Though it's the disagreements that generate headlines, the United States and Europe face numerous policy challenges that could be more effectively addressed by nurturing their longstanding ties and common interests, according to Vicki Birchfield, an Associate Professor of International Affairs in the Sam Nunn School of International Affairs.
Birchfield believes that better global governance could be achieved by strategically leveraging the strength of the transatlantic economy and cultivating the core values of the US-EU relationship. In recent years, however, she argues that the transatlantic relationship has been better characterized as one of rival siblings or estranged lovers than that of an equal partnership in the management of global problems. The intractable Airbus-Boeing dispute captures the former, while the US snub of the Europeans in favor of China at the United Nations Copenhagen Climate Summit illustrates the latter.
"Europeans have been our strongest allies and friends," she noted. "Though there are elements of competition and rivalry in the transatlantic relationship, our societies are more economically interdependent than any other region in the world. With the rise of China, India, and other new global players, it is critical that we reinforce the shared interests on both sides of the Atlantic."
Birchfield’s life’s work in this area has recently been acknowledged by the French government by the bestowal of the Chevalier de l’Orde Nationale du Mérite, one of the highest awards granted to a civilian, and one that Birchfield characterizes as the most profound and meaningful of her career.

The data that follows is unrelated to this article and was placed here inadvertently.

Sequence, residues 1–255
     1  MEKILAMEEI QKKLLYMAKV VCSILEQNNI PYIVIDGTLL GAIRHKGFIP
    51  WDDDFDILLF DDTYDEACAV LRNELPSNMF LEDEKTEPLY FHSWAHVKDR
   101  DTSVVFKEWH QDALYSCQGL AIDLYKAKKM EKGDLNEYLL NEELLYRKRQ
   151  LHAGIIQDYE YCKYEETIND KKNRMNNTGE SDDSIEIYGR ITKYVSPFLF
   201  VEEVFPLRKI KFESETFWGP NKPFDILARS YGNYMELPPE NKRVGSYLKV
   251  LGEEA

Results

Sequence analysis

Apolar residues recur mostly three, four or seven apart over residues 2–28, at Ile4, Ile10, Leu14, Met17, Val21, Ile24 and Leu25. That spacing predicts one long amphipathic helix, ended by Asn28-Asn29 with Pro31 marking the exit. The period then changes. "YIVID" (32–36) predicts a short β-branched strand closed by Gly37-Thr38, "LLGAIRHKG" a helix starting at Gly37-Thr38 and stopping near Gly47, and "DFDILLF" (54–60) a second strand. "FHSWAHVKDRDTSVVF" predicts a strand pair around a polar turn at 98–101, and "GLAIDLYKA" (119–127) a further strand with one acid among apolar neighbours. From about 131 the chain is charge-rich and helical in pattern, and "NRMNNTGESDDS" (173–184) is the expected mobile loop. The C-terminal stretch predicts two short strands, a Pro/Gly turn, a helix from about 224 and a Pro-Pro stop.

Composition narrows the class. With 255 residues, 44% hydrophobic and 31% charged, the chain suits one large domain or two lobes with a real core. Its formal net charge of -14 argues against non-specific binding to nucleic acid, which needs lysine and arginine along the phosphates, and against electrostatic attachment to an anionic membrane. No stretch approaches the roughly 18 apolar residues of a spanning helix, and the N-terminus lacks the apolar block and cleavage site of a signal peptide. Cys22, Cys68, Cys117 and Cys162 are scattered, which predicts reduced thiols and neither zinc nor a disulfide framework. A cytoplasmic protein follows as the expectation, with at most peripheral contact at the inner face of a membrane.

Her research activities are designed to reveal commonalities, as well as fundamental differences. She conducts comparative studies of European and American attitudes and beliefs about the proper roles of governments and markets and about the political institutions that drive policy on both sides of the Atlantic.
Her current book project, In Search of a Transatlantic Agora: The E.U.-U.S. Values Debate and the Quest for Global Leadership, examines what some American pundits and politicians have described as a ‘growing chasm’ between European and American perspectives. Using interviews with ‘opinion shapers,’ public intellectuals, and political leaders, and through systematic analysis of polls and other survey instruments of mass public opinion, Birchfield put forward a more comprehensive assessment than previous research on differences between Europe and the United States in their respective approaches to key issues such as climate change, global trade, foreign aid and development policy.